Department stores

Macy’s and other department stores, such as JCPenney, are facing off against Amazon — and coming up short, with hundreds of closures in recent years.

“Internet retailers (led by Amazon) have added $27.8 billion to their apparel revenue since 2005, while dept stores have lost $29.6 billion,” Morgan Stanley analysts wrote in a 2016 note.“This share loss appears at risk of accelerating given 1) Amazon’s bigger push into fashion, and 2) consumer willingness/acceptance to shop fashion through Amazon.”

Launching the Prime Wardrobe service in June 2017 was “another nail into the department store coffin,” Wells Fargo analyst Ike Boruchow wrote in a note to clients.

Upscale retailers

Nordstrom is another traditional retailer getting hit hard by Amazon’s online dominance.

“Amazon knows more about the consumer than they do,” CNBC’s Jim Cramer wrote after Nordstrom reported another disappointing quarter in May 2017. “They — the best out there — are still doing guesswork, with one brick-and-mortar hand tied behind their backs.”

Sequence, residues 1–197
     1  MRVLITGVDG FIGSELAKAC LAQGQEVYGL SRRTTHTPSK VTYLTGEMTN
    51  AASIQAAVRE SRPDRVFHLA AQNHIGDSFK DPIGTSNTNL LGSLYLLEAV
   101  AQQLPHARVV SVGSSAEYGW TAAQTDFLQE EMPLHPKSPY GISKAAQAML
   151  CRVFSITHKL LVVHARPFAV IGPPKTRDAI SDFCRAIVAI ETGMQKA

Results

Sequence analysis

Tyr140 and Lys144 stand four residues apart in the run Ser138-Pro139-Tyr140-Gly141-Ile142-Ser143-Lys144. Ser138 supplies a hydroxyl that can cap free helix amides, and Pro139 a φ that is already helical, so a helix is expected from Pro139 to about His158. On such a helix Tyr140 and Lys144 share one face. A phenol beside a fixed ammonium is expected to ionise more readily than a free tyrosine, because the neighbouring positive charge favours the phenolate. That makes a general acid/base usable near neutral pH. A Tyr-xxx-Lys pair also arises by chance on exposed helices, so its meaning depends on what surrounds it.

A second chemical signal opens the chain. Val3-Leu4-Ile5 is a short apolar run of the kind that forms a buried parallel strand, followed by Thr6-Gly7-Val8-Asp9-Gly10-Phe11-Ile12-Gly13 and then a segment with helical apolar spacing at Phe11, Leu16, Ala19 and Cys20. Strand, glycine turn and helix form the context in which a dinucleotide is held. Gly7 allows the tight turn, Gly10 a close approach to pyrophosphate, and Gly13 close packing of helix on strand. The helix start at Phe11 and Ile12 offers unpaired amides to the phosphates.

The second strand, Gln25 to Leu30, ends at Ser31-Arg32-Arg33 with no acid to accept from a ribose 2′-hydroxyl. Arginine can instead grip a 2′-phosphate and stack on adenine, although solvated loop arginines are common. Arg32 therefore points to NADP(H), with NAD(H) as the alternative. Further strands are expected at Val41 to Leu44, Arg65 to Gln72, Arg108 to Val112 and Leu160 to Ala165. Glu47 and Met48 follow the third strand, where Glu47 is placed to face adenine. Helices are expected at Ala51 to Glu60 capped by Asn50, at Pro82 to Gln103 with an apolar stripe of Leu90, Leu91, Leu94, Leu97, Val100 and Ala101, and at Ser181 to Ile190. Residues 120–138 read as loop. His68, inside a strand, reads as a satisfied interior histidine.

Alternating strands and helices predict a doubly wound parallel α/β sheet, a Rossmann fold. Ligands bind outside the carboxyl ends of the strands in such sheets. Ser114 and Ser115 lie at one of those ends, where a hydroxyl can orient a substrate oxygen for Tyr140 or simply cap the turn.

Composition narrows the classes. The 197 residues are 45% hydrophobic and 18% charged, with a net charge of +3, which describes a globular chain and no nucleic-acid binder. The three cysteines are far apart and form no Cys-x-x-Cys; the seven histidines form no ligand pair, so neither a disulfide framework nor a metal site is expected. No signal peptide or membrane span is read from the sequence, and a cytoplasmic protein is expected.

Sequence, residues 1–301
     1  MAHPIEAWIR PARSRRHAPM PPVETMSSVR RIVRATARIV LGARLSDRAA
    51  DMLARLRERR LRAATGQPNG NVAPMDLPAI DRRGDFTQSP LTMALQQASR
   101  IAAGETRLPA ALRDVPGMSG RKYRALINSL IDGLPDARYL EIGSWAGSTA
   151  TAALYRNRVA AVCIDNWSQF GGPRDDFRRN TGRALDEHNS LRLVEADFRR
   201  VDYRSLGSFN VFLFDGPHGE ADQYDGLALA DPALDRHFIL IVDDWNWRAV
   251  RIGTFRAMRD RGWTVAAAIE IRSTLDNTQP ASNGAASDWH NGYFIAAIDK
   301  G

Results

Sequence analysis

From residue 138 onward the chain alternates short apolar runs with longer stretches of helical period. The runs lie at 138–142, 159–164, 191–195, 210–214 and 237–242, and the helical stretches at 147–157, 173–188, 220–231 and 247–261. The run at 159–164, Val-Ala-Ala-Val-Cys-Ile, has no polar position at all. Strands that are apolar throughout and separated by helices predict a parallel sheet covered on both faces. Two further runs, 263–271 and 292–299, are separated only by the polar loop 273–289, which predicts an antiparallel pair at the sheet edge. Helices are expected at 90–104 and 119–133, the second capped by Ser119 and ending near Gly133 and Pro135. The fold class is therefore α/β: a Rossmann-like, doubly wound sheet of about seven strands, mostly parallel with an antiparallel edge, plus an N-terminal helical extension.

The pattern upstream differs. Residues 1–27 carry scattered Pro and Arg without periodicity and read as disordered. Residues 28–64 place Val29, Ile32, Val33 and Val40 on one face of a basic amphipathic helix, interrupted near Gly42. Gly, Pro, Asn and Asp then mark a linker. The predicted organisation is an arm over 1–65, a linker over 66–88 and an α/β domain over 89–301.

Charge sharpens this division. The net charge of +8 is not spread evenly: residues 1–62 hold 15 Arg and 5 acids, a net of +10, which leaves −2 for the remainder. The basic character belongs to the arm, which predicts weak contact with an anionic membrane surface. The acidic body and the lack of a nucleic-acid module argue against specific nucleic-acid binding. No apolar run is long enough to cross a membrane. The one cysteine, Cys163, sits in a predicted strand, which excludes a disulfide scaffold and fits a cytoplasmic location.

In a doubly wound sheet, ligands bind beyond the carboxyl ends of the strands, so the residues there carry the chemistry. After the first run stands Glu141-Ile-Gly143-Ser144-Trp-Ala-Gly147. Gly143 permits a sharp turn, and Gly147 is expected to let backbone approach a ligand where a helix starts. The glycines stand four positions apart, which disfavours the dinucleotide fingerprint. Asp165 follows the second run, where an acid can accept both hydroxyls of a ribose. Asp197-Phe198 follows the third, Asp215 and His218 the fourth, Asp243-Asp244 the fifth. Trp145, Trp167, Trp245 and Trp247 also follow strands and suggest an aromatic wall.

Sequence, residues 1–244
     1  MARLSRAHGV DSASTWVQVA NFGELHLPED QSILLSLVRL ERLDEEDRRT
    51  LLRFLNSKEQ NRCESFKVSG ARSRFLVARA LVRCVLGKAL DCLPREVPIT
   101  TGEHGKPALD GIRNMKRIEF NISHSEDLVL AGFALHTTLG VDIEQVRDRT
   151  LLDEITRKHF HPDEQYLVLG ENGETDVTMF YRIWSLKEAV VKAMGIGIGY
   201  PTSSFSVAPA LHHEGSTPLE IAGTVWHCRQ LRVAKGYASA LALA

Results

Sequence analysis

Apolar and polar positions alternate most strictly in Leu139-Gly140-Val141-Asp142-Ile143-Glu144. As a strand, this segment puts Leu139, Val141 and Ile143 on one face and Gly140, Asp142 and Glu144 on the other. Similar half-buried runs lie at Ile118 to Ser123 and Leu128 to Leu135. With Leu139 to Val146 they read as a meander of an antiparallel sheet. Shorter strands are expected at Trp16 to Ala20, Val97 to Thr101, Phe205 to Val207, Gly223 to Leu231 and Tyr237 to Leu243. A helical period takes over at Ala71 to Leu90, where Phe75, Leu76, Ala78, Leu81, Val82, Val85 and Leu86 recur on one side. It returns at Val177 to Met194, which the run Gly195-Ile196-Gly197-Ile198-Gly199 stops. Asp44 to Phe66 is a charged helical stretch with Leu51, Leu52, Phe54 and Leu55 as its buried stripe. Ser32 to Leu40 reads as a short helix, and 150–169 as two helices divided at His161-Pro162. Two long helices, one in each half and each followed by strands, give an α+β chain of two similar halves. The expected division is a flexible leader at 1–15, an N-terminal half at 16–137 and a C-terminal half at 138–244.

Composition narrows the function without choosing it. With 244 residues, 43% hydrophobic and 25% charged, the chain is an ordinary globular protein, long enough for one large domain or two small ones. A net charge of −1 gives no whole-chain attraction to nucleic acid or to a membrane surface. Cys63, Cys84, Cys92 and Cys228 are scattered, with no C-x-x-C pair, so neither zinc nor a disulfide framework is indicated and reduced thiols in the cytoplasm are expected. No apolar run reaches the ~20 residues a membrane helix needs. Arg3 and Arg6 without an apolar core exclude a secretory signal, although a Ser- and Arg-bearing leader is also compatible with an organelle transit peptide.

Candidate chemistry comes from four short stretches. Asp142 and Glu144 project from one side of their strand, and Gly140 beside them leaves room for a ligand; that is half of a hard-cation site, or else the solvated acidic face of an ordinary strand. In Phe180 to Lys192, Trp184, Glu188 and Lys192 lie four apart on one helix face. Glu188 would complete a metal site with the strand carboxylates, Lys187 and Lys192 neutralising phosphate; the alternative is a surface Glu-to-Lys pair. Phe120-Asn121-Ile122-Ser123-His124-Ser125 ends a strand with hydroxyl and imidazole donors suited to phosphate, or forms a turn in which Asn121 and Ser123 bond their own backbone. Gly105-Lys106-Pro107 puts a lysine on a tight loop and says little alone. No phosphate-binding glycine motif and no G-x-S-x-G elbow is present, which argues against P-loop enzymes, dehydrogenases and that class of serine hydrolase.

And in October, Scott Galloway, a professor of marketing at NYU Stern School of Business who correctly predicted the company would buy Whole Foods, said Amazon could buy Nordstrom next.

Book stores

The Barnes & Noble versus Amazon battle has been going on for years. However, the discrepancy between the two has been especially grim recently.

Barnes & Noble reported in March that comparable salesdecreased 5.8% in the most recent quarter. The biggest culprit: lower traffic, as fewer people visit stores.

Healthcare companies

Amazon’s latest venture with Warren Buffett’s Berkshire Hathaway and JPMorgan Chase & Co, announced in January, threatens to have a big impact on the US healthcare market.

The announcement sent ripples through the healthcare market; the share price at CVS and Walgreens dropped 4.5% to 6% in premarket trading, and UnitedHealth dropped 6.2%, Reuters reported.




Coming Soon: Drone Delivery

Amazon and UPS are betting big on drone delivery

visual 1

In theory, getting a recent purchase delivered in mere minutes is every consumer’s dream.

In practice? It’s not exactly easy to do.